It is impossible in a brief blog post to do justice to this characteristically Mansfieldian rumination on free speech and the university. His review of Donald Alexander Downss Restoring Free Speech and Liberty on Campus is, as usual, chock-full of pithy paradoxes.
Heres a taste:
Downs notes that the difference between free speech and academic freedom is that the latter, unlike the former, relates to truth. A society can have free speech, pace the ACLU, if it does not challenge its own basic presuppositions, like those in the Declaration of Independence. But a university must, in pursuit of truth, hold those presuppositions open to inquiry. To carry out such inquiry, a university would seem to have greater need of diversity than a society. A university would not want to foreclose questions that a society might consider settled.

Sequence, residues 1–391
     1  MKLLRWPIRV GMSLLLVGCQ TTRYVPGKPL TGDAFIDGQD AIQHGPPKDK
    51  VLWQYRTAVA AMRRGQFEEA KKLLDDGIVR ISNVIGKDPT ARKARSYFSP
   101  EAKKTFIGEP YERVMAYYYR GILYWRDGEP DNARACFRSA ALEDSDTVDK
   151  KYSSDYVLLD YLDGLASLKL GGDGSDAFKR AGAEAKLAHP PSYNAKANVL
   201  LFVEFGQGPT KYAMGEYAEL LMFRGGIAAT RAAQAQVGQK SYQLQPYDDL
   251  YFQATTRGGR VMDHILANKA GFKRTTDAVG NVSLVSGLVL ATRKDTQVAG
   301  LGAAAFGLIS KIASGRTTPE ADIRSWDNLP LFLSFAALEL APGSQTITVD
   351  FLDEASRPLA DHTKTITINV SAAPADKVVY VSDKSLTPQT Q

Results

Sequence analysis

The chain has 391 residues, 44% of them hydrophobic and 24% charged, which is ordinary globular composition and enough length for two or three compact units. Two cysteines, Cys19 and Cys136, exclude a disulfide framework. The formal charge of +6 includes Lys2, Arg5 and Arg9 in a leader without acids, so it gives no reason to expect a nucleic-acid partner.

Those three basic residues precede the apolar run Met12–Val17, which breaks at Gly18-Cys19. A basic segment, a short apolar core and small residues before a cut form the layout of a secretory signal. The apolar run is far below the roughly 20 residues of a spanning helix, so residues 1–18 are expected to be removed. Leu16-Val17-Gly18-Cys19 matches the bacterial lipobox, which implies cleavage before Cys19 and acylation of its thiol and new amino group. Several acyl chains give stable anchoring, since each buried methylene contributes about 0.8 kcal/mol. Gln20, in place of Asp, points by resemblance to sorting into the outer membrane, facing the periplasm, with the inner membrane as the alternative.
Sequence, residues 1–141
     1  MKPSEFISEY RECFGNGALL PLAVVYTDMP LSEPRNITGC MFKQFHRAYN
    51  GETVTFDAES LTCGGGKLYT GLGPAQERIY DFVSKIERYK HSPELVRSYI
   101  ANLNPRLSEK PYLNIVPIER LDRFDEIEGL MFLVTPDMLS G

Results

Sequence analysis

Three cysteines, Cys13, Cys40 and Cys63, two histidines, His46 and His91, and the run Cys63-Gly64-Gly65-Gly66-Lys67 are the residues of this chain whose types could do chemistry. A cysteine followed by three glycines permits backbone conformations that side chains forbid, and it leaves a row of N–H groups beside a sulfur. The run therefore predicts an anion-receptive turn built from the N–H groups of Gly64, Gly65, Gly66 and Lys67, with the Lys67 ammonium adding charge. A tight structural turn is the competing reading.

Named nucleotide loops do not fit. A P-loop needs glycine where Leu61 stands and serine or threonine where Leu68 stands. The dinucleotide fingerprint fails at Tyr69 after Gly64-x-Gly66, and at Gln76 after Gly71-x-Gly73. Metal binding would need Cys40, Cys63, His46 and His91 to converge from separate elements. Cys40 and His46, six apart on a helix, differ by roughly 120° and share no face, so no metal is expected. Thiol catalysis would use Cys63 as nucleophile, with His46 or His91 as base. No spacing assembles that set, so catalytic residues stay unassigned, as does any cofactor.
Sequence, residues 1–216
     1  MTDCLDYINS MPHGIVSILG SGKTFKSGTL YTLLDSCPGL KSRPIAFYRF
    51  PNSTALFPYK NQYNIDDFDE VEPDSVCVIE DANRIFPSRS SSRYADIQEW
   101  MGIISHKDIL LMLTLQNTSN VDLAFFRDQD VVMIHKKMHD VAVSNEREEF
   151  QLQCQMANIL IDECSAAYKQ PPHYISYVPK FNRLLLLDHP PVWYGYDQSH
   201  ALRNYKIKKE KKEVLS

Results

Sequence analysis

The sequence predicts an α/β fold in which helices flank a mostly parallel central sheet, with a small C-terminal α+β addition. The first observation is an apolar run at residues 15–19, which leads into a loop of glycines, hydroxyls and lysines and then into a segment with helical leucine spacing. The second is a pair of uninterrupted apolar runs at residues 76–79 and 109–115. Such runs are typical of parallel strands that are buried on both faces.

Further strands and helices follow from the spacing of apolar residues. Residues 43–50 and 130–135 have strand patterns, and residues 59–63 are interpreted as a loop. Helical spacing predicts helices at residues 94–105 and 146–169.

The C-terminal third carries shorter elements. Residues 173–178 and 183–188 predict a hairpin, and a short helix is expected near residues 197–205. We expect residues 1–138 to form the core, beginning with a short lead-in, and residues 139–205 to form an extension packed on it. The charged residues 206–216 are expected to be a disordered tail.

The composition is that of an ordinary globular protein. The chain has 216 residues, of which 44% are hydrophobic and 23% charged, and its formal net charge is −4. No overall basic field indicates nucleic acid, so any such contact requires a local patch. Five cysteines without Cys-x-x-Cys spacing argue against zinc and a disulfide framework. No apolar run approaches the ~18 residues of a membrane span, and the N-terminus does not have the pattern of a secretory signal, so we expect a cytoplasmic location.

Conservatism is therefore closer to the mission of the university than liberalism is. Liberals, insofar as they are progressives, believe that it is possible to eliminate prejudice from society. When prejudice is gone, truth prevails, and there is no need to reconsider the errors of the past. Progress is irrevocable, and inquiry shrinks to whatever questions remain unsettled. Conservatives, believing that it is not possible to eliminate prejudice, are more tolerant than liberals; they expect society to be, and remain, a mixture of truth and untruth.